Here is our interview with Ann-Sofie Johansson, the Head of Design at H&M. I met her on my trip to Stockholm and immediately liked her simplicity, taste, and dedication to her work – and that Scandinavian tact that’s hard to define – but you’ll see what I mean.
She’s been at H&M throughout her entire career – she started out as a saleswoman there…
And since the H&M show was on Wednesdaynight, I thought it was the right time to publish this interview!
What is your job title?
I am the head of design for the New Development Department of H&M.
When you were growing up what was your dream job?
I actually wanted to become a vet. I was a horse girl, you could say, so I spent all my time in the stables riding and taking care of horses.
From that, how did you find fashion in your life?
I blame Barbie a little bit. I played so much with Barbie and would always want to make new outfits for her and try new things on her. My mom was really good with sewing and knitting so she did a lot of my Barbie clothes. Also my mom for making the clothes for herself and for me, we were mini-me’s sometimes during my childhood.
What did your parents do?
My mother was actually a housewife and she did a lot of sewing from home for different customers as well. And my father worked in the forest with nature reservations.
Where did you grow up?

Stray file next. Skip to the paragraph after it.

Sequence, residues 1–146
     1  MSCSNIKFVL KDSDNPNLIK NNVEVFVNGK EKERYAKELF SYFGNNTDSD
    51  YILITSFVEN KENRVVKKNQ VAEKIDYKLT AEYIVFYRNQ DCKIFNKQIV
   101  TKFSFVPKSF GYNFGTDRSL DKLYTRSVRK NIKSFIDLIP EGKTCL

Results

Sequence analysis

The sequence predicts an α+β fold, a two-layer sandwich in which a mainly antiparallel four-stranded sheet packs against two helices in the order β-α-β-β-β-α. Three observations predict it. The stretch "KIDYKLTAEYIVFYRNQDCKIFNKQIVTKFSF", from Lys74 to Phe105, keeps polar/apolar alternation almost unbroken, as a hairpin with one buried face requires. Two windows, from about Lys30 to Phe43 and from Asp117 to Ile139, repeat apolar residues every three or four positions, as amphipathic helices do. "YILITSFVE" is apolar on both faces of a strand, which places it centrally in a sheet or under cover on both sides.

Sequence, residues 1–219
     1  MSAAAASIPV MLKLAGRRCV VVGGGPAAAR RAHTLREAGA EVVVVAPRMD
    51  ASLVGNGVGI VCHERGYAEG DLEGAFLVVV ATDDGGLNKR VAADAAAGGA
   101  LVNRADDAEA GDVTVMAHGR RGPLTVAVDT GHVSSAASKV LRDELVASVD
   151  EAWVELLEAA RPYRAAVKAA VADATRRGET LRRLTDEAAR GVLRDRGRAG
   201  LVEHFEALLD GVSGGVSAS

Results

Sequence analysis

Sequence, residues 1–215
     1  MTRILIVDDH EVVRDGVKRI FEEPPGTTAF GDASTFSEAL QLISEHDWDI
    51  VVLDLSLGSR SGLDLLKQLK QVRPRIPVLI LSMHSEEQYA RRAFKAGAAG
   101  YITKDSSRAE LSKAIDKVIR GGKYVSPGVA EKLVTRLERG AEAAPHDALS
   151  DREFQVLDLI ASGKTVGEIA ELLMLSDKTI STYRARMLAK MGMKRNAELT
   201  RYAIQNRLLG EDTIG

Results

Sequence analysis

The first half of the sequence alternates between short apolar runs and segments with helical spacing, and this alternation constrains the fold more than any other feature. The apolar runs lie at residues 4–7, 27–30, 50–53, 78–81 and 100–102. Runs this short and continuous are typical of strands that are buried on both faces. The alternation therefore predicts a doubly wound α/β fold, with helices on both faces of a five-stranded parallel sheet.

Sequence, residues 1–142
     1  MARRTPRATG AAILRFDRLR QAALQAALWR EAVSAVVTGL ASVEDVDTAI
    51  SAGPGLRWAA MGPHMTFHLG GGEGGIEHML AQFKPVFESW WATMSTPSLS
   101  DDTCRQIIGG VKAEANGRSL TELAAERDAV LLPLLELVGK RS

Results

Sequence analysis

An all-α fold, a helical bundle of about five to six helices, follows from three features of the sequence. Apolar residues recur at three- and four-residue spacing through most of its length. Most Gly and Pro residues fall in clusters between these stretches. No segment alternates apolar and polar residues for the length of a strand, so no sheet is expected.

I grew up in the south part of Sweden, in a small town, so we didn’t have much fashion going on.
When I was a little bit older I would take the train to bigger cities and see and explore the H&M stores! I found that H&M was the most exciting store for me as a teenager because I thought they had everything I had always wanted to have and wished for. That was my first experience with H&M.
What was H&M like then?
It was the dream destination for fashion, of course. I always told my parents I wanted to go into town to visit the local store and see what was new.
When did H&M first open?
The first H&M store opened in 1947.
Did you go to university?
I went to university and I studied history of art and archaeology, I took a detour before getting to fashion. After my childhood dreams of becoming a vet, I realized that you had to study for a very long time and my grades weren’t good enough to be accepted at a school. And I had always been interested in art so I started to study History of Art at the university.
So what was your first job in fashion?
My first job was actually in H&M at one of the stores in Stockholm in 1987.
How did you move from working in a store to where you are today?
Well I had an idea that I wanted to work as a designer for H&M, and I thought it was a good idea to start working in one of the stores to get to know the company and to get to know the customers.
After a year I contacted Margareta van den Bosch (currently the Creative Advisor of H&M, previously the Head of Design), and I put a portfolio together and showed it to her. I started as a designer assistant for her part-time, so I still worked in the stores, and what we called The White Room, which was the design department at H&M. At that time we were around 12 designers so it was really small, today we are 160, so it has really grown a lot.
Les top models au défilé H&M.
Why did you want to design for H&M as opposed to working for another brand?